Stephen Blackwell writes (email, 16 May 2021): “In fact, whether or not Nabokov knew it, the French colloquial term for ginkgo refers not [only] to the color, but [especially] to the cost of the initial purchase of a set of the trees when they were first introduced to France: in 1780, a Parisian named Petigny went to London and bought five saplings in one pot for a total of 25 guineas, or about 120 francs/40 écus each, and from this came their nickname.  Summarized from Peter Crane, Ginkgo, [New Haven:] Yale UP, 2013, pp. 219-220; he is quoting John Loudon's 1838 account [in Arboretum et Fruticetum Britannicum, or the Trees and Shrubs of Britain, London: Longman, 1838, p. 2096] which translates André Thouin.” 

Van is looking at the “maidenhair” tree at the end of the platform (299.31-33), now of course still in summer green, but his mind has moved from one of Ada’s translations, and its “n’est vert” (“is not green” in winter) to another, her translation of François Coppée’s “Matin d’octobre,” with its images of the changed colors of leaves in the fall:

Their fall is gentle. The woodchopper
     Can tell, before they reach the mud,
    The oak tree by its leaf of copper
The maple by its leaf of blood. (127.26-29)
Seeing the now green leaves of the ginkgo, his mind therefore leaps ahead to the French nickname for ginkgo in autumnal foliage.
            John Shade writes a poem on the golden color and the shape of a ginkgo leaf:
The Sacred Tree
The ginkgo leaf, in golden hue, when shed,
            A muscat grape,
            Is an old-fashioned butterfly, ill-spread,
            In shape. (PF 93, C.49)
            Cf. with “quarante écus d’or”: 64.32-33: “The forged louis d’or in that collection of fouled French. . . . ”
MOTIF: gold dollars.

300.03-04: at least in the fall: Van realizes that the French nickname for “ginkgo” must refer only to the tree’s appearance in the fall.

300.04: Never, never shall I hear again her “botanical” voice: Echoes both Ada’s “N’est vert, n’est vert” (and her botanical translation of Lear’s line) echoing rather than translating Lear’s “Never, never . . . ,” and Lear’s line itself; and the motif of Ada’s taxonomy, from Ada’s first speech in the novel (8.21-9.03: “‘common Butterfly Orchis . . . early-spring sanicle . . . Bear-Foot. . . . You will be grateful,’ she continued, embracing him, ‘for my not mentioning its scientific name. Incidentally the other foot—the Pied de Lion from that poor little Christmas larch”) to her response to Van’s “That yellow thingum—is it a buttercup?”: “No. That yellow flower is the common Marsh Marigold, Caltha palustris. In this country, peasants miscall it ‘Cowslip,’ though of course the true Cowslip, Primula veris, is a different plant altogether” (63.19-24). MOTIF: Ada’s taxonomy.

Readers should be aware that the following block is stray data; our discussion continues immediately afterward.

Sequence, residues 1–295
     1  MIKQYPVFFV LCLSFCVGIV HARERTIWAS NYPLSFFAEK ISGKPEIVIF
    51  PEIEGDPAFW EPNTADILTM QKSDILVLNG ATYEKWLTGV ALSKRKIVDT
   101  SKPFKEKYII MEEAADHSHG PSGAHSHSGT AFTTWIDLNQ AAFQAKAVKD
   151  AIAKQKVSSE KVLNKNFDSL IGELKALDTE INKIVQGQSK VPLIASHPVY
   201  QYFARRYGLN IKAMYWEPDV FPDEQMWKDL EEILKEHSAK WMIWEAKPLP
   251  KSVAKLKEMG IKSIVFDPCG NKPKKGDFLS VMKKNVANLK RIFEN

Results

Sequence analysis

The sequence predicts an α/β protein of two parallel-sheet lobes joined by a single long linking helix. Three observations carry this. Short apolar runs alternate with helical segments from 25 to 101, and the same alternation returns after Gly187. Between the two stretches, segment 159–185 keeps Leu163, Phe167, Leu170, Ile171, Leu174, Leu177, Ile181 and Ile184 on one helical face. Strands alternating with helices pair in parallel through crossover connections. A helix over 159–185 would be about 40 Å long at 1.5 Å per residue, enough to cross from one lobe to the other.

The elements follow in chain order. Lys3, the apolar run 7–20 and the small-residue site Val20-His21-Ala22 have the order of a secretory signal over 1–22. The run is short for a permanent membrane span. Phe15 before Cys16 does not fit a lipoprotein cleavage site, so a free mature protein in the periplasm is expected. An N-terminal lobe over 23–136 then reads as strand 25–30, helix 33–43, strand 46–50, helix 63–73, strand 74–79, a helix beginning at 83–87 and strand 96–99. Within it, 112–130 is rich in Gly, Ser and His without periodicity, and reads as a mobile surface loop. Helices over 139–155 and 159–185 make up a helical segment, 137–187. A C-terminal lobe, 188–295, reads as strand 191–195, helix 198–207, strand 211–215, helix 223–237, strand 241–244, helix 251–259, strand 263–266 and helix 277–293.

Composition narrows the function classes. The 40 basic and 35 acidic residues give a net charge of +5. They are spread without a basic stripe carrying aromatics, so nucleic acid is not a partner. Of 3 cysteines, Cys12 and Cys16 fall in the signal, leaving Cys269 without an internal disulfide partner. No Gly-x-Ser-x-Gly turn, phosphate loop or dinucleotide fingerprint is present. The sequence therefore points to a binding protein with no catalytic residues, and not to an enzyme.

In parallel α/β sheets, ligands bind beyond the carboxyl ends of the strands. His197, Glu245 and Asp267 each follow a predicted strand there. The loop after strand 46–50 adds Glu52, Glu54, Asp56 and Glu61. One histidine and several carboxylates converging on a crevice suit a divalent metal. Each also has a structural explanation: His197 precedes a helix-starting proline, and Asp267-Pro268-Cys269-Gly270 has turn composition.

300.05: fall: The fall of Ada’s voice, but also an echo of his own thought a moment ago, “at least in the fall” (300.03-04).

300.05: biloba . . . Ginkgo: See 299.32-33n. Possibly, especially in view of Ada’s being dressed in the yellow and black of the divan in the library (black divan, yellow cushions), in part an allusion to the poem “Gingo biloba” (1815) in West-östlicher Divan (1819), by Johann Wolfgang von Goethe (1749-1832). The first two of three quatrains read:

Dieses Baums Blatt, der von Osten
Meinem Garten anvertraut,
Gibt geheimen Sinn zu kosten,
Wie’s den Wissenden erbaut.

Ist es ein lebendig Wesen,
Das sich in sich selbst getrennt?
Sind es zwei, die sich erlesen,
Daß man sie als Eines kennt?

"The leaf of this tree, entrusted from the east to my garden, offers a secret sense to try, to edify the Knower. // Is it one living being that divides itself in itself? Are they two, who choose themselves to be known as one?”

300.05: biloba: The species name of the ginkgo, G. biloba, which Linnaeus bestowed in 1771 to describe the tree’s unusual leaf shape, “Divided into two lobes” (the W2 definition of “bilobate”).

300.05: “sorry, my Latin is showing”: A play on “sorry, my slip is showing,” an expression still current in the decade in which Ada was written, a woman’s apology for letting a petticoat—an undergarment!—be seen.

300.05: Ginkgo, gingko: Ginkgo is the scientific genus name, but either spelling, -kg- or –gk-, is used as the common name for the species G. biloba.

300.06: ink: Van’s mind probably jumps from the common sound (both “ginkgo” and “gingko” are pronounced the same way) to Ada’s botanical drawings.

300.06: inkog: A near-anagram of “ginko” (a common misspelling of “gingko”) and a play on “incognito” (which, as the Kyoto Reading Circle notes, is inkognito in Russian), “unknown” (person); as the Reading Circle also notes, the next sentence begins, in the next word, with “Known.” Cf. perhaps 460.10: “Blok’s Incognita.”

300.06: Known also as Salisbury’s adiantofolia: English botanist James Edward Smith (1759-1828), founder of the Linnaean Society, in 1797 proposed the name Salisburia adiantifolia for G. biloba to honor another English botanist, Richard Salisbury (1761-1829). The species name adiantifolia means “with leaves like those of Adiantum,” the genus of maidenhair ferns. The first "o" (rather than “i”) of “-ofolia” may simply be VN’s or Van’s error. MOTIF: Ada.